GC: So let's talk about an important thing to consider in that circumstance. If I'm in an administratively dissolved status, and I'm not using my entity at that point, can I just leave it that way? Or do I need to take action?

ME: That's a great question. And it's a question that I hear a lot. And the answer is “no” for a few reasons. If you are [in an] administratively dissolved status, and you discover that. And you also realize, well I’m not acting there anyway, there are still steps you want to take to officially dissolve the business. And the reason you want to do that is failure to do so kind of leaves yourself open to additional fees and penalties from where you are now. You know, additionally, you know, other parties, such as those you're entering into contracts with, will typically do their due diligence to look at your entities across the various states. And if they see that you're in this negative administratively dissolved status, it can kind of show that you haven't kept up on proper filings for your entity. So in other words, it can kind of show you don't have your ducks in a row, which is important regardless of where you're doing business and what the circumstances [are] in that particular state.

GC: All good tips, and this follows right on the heels of it with some more good information, why does a business need to dissolve a corporation or an LLC?

ME: So this is another common question and a conversation I have a lot. Whether you want to fully close down the business or you no longer have the need to be registered in a particular state, or you find yourself in an administratively dissolved status, the best practice and the state's expectation is that you officially dissolved the entity. So very broadly, if the corporation or LLC is not properly dissolved, it continues to exist as a legal entity. And as a result, the business will still need to comply with corporate or LLC filings, such as annual reports and franchise taxes and things like that. So failure to do so can result in fines, taxes, penalties, other liabilities, and things like that. Even if the company goes into an administrative dissolved status, the state would potentially reserve the right to come after you for those past due fees. So it's important to take that step.

Another thing that we've seen recently is that there's a rise in business identity theft. And this is something we've seen a lot in recent years. We found that identity thieves tend to scour government websites searching for corporations that are delinquent or suspended, and can ultimately sort of uptake them and act on their behalf. It's relatively easy for those bad actors to take steps to place a corporation or LLC back into good standing or even reinstate it if it's been dissolved. This can be done without anyone's knowledge, and you turn around and all of a sudden, you realize there's a line of credit opened on behalf of your business. If they do this, the criminal could have [the] authority to act on behalf of the company, including, like I said, applying for loans, lines of credit, signing contracts. It also kind of leaves open your personal liability, because they could kind of seep into your personal liability as a result of that as well. So you could be liable for any debts incurred by these identity thieves. So if you're no longer operating the company, either broadly or in a particular state, it's best practice to take the relevant actions to voluntarily and safely dissolve that business, or withdraw from those foreign states. By doing so, it'll help ensure the business doesn't face an elevated risk of, as I mentioned, identity theft. And [it] also just shows that you've taken the proper steps to wind up the business if, in fact, you're not using it.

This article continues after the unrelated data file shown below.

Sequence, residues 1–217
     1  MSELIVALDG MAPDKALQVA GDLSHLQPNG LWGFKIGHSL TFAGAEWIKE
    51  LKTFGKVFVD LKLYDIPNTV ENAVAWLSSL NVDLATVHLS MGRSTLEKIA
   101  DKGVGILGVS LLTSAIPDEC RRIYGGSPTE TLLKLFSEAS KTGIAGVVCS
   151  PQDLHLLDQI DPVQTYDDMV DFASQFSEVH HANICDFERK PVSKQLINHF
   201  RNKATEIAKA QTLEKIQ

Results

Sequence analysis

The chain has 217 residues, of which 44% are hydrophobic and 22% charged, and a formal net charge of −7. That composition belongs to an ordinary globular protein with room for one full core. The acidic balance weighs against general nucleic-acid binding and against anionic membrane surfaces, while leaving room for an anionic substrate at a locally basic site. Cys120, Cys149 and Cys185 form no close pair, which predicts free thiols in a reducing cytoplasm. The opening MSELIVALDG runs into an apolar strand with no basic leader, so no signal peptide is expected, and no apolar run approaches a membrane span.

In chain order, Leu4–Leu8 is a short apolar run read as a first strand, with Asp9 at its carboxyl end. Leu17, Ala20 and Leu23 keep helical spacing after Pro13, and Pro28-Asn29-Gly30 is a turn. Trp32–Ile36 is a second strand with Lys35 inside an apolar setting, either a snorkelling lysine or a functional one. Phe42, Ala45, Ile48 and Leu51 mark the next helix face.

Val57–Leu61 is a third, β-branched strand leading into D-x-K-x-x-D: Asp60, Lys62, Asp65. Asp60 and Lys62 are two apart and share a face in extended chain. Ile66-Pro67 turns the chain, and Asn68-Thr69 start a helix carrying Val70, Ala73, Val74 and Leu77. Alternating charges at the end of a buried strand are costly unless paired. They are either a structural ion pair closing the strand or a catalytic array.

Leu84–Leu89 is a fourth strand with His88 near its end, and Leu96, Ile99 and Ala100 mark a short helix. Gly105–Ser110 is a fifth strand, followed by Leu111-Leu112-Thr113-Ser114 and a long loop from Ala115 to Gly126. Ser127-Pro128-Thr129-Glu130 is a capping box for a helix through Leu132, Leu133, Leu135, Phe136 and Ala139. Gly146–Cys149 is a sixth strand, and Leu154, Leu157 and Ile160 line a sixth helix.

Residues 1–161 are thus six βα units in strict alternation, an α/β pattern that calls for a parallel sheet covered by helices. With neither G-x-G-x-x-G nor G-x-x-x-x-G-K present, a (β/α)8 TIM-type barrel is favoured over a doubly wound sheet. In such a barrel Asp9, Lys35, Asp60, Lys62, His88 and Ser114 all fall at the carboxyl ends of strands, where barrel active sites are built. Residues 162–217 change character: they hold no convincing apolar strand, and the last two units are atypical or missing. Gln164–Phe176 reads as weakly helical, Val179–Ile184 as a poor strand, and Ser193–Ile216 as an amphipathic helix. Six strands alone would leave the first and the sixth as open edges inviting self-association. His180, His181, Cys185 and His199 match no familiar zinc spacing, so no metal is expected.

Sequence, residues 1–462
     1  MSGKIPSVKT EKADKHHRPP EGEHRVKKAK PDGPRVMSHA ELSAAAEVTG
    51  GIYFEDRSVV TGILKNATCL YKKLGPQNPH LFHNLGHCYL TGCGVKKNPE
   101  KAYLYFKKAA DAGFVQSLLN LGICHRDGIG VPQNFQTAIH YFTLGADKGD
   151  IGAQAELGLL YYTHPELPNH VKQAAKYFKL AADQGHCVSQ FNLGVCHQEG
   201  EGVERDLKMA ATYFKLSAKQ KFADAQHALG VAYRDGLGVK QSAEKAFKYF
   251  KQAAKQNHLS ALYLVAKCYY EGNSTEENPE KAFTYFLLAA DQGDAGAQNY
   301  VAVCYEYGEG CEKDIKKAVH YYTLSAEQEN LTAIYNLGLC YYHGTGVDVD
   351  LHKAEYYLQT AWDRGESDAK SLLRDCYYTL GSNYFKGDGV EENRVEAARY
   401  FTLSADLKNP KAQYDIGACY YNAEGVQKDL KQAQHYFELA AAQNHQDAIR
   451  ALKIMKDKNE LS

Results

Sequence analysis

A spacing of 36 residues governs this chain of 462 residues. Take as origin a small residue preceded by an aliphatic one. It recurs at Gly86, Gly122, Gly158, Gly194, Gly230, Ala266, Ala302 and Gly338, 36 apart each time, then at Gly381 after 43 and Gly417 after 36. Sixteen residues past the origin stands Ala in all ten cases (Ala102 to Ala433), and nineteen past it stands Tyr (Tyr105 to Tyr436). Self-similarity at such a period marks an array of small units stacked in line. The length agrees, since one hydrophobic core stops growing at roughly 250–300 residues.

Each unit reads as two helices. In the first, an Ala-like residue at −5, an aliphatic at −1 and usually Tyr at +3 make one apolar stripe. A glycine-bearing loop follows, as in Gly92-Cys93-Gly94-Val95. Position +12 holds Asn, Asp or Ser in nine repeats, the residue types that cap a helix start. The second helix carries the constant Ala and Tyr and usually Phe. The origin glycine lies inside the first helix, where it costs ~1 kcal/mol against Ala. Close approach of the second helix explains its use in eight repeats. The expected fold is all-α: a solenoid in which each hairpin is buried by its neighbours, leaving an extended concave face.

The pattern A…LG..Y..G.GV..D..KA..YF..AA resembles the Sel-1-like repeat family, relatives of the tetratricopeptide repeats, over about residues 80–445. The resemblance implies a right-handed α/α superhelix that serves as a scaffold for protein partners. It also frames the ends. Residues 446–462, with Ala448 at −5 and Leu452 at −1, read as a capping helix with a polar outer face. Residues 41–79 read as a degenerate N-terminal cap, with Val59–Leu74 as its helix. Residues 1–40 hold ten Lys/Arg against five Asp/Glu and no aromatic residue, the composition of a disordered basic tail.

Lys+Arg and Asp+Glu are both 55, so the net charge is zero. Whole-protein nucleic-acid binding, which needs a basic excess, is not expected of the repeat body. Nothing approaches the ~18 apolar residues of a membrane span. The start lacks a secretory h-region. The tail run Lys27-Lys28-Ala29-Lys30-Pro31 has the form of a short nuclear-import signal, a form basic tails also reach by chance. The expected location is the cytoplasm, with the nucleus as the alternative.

GC: We're talking with Mike Enright. He's an account manager at CT Corporation. And going through the key points to know when it comes to dissolution and a number of different formats. Just a little bit earlier in the conversation, Mike, we talked about the example of a business based in Wisconsin deciding that it doesn't need its place in Illinois anymore, it can close down that operation known as a withdrawal. So how do you know if you need to withdraw from a state?

ME: Another common question. And especially recently, after the past couple of years with the boom of remote workers, for example. Maybe you hired somebody in a particular state, and they're no longer with your organization. This comes up a lot. If a company continues to be foreign qualified in a state other than its domestic state, again, it does have to comply with those laws. For example, you need to file an annual report and things like that. The ultimate decision in a lot of cases is sort of an internal decision you make on whether or not, in the example of foreign states, will you be back in that state anytime soon. Are you fully wrapped up there? Do you have any sales, employees, or things like that? If you're closing a business and you want to avoid compliance with these requirements, then you must take that action to withdraw, cancel, or dissolve that entity. It's always a good idea to refer to the state's corporation or LLC statutes just to determine what steps you need to take to withdraw.